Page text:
This story is the first in a new Truthout series, Severed Ties: The Human Toll of Prisons. This series will dive deeply into the impact of incarceration on families, loved ones and communities, demonstrating how the United States’ incarceration of more than 2 million people also harms many millions more — including 2.7 million children.
Since becoming a mother, Vanetta Richardson had never spent a day apart from any of her six children. But, on December 1, 2013, the 34-year-old was arrested at her home in Renton, just outside Seattle, and spent the first night away from her children, who ranged in age from six to 16. A friend took her children in that night, but shortly after, her mother-in-law went to family court and became the children’s caregiver, bringing the state’s child welfare system into the picture.
Richardson spent over two years battling second-degree murder charges in the death of her abusive husband. Ultimately, she pled guilty to first-degree manslaughter. She and her attorney argued for a shorter sentence, noting both the history of domestic violence at the hands of her husband and the fact that, the longer she spent in prison, the more her relationship with her children was in jeopardy. The judge ultimately sentenced her to 60 months in prison and credited her 888 days (nearly 30 months) in jail as time served. The judge also imposed a no-contact order between Richardson and any member of her husband’s family.
But Richardson’s legal troubles weren’t over yet. She still had to contend with family court, a mother-in-law who was understandably upset about the death of her son and hostile to Richardson, and a court-appointed special advocate (or guardian ad litem) who believed that the children would be better off without their incarcerated mother.
Richardson’s experience is one shared by many incarcerated parents. Approximately 2.7 million children under the age of 18, or more than 3.6 percent of children in the United States, currently have a parent behind bars. More than 5 million have had a parent incarcerated at some point in their lives. In Washington alone, 109,000 children (or 7 percent of the state’s children) had experienced parental incarceration between 2011 and 2012.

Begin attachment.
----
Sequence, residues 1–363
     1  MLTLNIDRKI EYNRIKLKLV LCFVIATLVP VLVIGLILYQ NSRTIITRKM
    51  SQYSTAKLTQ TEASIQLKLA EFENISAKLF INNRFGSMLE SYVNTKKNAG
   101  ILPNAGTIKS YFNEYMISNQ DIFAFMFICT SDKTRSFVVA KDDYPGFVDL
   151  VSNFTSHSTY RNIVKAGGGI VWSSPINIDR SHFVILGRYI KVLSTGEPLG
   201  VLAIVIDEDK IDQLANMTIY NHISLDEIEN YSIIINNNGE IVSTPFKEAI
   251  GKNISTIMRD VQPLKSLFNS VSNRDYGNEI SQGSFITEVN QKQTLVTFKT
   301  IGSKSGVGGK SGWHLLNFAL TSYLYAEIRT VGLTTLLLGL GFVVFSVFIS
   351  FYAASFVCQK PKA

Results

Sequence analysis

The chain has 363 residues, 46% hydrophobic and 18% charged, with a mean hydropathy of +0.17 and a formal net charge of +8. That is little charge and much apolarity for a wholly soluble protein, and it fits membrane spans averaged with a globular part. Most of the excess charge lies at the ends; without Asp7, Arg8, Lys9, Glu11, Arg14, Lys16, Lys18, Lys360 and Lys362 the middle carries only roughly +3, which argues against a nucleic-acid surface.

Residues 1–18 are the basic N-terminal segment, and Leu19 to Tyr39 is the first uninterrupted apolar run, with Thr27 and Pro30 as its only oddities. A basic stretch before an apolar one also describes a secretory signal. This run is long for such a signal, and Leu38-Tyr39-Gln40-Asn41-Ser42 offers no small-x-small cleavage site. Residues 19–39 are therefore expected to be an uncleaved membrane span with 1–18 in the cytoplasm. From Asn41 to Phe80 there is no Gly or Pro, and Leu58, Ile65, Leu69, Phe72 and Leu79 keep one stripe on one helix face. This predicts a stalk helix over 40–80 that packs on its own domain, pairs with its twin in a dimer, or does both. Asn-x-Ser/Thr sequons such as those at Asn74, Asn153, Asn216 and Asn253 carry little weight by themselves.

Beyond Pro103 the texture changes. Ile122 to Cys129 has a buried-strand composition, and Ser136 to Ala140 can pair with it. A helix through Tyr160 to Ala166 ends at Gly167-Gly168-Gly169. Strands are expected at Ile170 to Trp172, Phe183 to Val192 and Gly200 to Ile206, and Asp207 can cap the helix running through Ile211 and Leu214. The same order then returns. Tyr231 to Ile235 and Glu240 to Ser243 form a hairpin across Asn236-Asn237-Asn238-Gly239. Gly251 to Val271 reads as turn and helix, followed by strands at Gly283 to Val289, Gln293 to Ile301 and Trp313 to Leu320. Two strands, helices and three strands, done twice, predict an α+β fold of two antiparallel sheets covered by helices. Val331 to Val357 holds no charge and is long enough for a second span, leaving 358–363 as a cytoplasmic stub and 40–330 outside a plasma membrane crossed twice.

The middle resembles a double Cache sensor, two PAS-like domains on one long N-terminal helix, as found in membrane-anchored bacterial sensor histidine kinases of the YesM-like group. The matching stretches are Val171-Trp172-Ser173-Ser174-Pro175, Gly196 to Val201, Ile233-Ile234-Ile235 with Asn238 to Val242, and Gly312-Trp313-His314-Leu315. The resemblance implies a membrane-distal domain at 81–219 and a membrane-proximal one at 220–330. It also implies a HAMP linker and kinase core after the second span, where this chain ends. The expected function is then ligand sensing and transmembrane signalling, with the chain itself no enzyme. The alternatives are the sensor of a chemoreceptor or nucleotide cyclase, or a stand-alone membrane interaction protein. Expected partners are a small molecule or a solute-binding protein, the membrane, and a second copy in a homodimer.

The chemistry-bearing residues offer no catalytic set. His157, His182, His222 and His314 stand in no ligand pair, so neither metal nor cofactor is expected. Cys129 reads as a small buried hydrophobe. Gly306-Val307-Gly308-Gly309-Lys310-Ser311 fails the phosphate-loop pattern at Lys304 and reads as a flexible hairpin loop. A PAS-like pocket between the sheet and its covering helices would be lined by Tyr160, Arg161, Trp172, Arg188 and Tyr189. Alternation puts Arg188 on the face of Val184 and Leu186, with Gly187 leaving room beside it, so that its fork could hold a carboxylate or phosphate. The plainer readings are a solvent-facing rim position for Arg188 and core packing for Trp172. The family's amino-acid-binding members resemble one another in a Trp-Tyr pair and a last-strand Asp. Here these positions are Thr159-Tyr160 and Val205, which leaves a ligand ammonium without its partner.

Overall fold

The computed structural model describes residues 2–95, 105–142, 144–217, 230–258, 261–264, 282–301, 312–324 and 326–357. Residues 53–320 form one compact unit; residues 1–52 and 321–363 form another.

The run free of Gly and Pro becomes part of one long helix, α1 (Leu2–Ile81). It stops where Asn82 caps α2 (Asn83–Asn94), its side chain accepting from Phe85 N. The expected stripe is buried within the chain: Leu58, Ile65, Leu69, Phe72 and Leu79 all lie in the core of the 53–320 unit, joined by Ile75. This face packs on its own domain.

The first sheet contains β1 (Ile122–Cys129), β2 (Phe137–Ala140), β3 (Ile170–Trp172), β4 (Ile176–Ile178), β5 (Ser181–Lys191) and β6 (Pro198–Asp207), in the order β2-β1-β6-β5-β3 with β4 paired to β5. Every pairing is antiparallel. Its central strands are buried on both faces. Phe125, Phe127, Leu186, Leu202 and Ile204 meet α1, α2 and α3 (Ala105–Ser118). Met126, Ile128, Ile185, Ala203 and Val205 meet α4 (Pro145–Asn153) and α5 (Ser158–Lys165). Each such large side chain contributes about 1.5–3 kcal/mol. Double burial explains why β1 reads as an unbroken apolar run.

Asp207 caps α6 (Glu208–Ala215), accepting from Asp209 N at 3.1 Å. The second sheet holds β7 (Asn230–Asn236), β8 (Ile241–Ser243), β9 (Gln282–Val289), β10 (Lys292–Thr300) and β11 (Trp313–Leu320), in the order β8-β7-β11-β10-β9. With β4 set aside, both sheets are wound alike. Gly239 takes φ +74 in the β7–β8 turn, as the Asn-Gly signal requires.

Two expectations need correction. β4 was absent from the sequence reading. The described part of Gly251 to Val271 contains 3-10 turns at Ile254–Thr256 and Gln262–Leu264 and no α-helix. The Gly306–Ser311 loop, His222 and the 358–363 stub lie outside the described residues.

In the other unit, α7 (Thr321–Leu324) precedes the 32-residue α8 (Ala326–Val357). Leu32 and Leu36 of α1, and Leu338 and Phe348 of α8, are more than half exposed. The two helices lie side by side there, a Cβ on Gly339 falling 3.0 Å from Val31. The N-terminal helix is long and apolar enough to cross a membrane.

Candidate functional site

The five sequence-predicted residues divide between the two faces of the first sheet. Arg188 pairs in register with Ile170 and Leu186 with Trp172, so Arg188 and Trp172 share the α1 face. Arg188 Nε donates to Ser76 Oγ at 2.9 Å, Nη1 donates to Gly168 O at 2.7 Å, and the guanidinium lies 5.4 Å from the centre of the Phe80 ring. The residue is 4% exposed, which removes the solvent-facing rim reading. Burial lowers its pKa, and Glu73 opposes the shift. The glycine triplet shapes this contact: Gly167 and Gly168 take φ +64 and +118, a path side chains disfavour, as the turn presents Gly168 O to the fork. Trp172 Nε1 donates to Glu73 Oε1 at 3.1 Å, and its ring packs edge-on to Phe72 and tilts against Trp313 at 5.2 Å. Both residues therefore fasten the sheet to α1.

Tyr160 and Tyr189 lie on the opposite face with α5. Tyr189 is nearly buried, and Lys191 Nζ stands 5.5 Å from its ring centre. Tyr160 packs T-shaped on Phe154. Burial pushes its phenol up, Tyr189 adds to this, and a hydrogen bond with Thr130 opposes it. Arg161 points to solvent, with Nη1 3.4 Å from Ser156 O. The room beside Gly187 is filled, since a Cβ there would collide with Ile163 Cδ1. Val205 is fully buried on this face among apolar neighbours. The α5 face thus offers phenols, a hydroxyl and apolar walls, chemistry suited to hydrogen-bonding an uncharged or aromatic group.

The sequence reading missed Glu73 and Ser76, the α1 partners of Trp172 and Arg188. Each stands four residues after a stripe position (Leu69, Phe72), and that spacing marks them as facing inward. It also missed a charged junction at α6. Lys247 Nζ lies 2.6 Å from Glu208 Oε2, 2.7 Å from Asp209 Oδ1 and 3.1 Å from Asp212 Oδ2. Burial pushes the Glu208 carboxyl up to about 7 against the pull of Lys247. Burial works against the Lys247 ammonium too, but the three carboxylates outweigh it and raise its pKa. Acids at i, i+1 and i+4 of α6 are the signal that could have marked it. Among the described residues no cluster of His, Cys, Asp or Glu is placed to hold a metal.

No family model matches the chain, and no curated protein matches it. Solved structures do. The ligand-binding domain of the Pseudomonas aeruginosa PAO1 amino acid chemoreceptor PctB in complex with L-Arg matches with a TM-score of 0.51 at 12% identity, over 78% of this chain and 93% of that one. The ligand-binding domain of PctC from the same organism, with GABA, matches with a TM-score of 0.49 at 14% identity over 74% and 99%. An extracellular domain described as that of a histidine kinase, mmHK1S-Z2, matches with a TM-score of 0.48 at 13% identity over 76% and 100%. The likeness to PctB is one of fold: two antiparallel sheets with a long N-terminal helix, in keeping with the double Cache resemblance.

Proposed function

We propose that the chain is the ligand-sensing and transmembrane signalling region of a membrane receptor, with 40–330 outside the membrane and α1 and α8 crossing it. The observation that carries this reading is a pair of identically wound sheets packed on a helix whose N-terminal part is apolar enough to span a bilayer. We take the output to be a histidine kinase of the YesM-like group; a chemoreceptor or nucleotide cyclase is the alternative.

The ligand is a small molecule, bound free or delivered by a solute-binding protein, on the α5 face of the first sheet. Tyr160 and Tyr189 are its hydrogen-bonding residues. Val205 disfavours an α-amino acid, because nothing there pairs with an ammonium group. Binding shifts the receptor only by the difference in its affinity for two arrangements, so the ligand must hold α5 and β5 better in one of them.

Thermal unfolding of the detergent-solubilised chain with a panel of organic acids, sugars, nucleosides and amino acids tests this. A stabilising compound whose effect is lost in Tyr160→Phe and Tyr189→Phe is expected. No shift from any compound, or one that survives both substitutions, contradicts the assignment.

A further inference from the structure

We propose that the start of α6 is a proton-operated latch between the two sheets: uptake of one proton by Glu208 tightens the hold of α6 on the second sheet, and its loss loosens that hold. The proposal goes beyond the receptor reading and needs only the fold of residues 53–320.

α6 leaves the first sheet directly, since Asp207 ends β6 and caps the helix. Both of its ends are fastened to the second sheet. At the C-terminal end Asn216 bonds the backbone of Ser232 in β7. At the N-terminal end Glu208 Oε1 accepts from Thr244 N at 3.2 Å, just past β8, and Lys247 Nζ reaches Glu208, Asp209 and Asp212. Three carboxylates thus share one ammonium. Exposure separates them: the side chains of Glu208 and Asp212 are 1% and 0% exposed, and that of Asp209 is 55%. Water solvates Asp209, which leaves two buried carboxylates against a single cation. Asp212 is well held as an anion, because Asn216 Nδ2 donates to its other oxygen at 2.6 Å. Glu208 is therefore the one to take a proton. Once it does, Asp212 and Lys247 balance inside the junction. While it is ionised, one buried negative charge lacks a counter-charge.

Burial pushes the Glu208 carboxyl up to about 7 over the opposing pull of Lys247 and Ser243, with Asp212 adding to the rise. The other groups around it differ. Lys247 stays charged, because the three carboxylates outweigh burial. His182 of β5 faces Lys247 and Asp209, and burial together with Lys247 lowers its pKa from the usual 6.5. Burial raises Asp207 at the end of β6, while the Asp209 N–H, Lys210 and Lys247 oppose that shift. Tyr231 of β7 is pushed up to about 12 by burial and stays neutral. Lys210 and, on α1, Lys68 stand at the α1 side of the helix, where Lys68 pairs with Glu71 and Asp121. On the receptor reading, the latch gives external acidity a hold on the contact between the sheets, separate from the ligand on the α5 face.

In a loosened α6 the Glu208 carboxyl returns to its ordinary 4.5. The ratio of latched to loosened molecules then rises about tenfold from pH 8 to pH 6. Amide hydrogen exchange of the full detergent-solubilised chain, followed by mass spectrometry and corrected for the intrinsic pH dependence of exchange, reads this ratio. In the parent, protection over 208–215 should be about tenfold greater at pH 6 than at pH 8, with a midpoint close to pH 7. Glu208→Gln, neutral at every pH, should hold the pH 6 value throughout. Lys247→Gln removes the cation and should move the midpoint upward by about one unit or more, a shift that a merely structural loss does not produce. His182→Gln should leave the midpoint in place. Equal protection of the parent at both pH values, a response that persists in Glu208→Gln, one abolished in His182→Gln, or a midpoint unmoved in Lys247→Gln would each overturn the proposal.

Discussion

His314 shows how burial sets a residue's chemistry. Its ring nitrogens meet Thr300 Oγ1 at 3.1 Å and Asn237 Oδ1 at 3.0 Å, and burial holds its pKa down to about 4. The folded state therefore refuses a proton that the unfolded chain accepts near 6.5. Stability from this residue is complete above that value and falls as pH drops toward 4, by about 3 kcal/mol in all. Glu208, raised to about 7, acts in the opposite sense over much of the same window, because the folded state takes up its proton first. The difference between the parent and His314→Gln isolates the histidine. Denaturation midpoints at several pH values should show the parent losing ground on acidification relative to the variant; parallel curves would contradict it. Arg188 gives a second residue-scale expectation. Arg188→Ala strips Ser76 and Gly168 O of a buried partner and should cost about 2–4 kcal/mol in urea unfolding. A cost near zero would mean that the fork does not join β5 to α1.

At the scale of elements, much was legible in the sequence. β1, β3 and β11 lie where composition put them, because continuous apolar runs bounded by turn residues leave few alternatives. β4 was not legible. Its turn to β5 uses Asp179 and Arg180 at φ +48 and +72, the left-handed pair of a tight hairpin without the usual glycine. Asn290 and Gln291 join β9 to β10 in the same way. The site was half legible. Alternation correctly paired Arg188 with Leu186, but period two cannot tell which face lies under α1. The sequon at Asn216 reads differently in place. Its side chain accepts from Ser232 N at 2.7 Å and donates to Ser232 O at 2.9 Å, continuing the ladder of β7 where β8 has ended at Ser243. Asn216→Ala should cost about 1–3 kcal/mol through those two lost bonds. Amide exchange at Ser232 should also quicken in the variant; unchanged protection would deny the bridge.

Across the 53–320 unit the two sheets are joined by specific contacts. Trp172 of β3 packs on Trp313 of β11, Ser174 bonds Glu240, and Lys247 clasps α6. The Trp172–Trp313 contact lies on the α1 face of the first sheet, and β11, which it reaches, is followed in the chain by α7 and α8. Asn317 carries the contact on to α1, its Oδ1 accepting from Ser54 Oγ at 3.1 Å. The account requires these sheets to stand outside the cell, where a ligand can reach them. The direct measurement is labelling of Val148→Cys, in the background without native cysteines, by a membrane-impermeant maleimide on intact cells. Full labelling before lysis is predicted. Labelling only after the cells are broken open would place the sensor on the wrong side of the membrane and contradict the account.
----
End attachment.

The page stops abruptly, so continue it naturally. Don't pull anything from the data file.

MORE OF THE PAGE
If parents do not have sympathetic family members able to take care of their children during their incarceration, they risk having their family entangled in the child welfare and foster care systems. No one knows the true extent of how many families this affects. In 2013, an estimated 19,858 (8 percent) of the children who entered foster care in the US did so because of a parent’s incarceration. Child welfare advocates believe that number does not include cases in which a parent is incarcerated just before or at any time after a child’s foster care placement or cases in which a parent was not the child’s primary caregiver. Moreover, this estimate does not include cases in which the caseworker did not select incarceration as the cause of foster care placement. “Nationally, there’s no system in place to keep track of anything related to incarcerated parents and their children, so there’s no system for collecting data,” Ann Adalist-Estrin, the director of the National Resource Center on Children and Families of the Incarcerated (NRCCFI), told Truthout.
Entanglement in the foster care system comes with the very real risk of permanently losing one’s parental rights — and often contact — with one’s children. This phenomenon has escalated over the past two decades, since the federal Adoption and Safe Families Act (ASFA) passed in 1997. Under ASFA, if a child is in foster care for 15 of the past 22 months, state agencies are required to begin proceedings to terminate parental rights. Nearly immediately after ASFA was passed, parents with children in foster care began to feel its impact. Nationally, the number of parents whose rights have been terminated rose from 60,000 in 1998 to 73,000 in 2000. A 2003 study found that rights termination proceedings involving incarcerated parents more than tripled from 260 in 1997 to 909 in 2002. For incarcerated mothers, the risk of parental rights termination is higher, given that their children are five times more likely to end up in foster care or dependency than children of incarcerated fathers.
When Richardson was first incarcerated, her oldest daughter lived with a family friend, and so her other five children were sent to their grandmother. However, because her mother-in-law had gone to family court, child welfare became involved. This meant that, so long as Richardson remained incarcerated, the threat against her parental rights continues to loom.
Richardson, like so many other parents behind bars, did everything possible to avoid the termination of her parental rights. She documented each and every letter and phone call to her children in an effort to demonstrate that she was doing her best to stay involved in their lives. She signed up for every parenting class that the prison offered to show that, even behind bars, she was planning for a future with her family.
Does Incarceration Render a Parent Unfit?
Richardson is fighting not only to maintain a relationship with her child, but also to challenge the implicit assumption that incarceration renders her an unfit parent.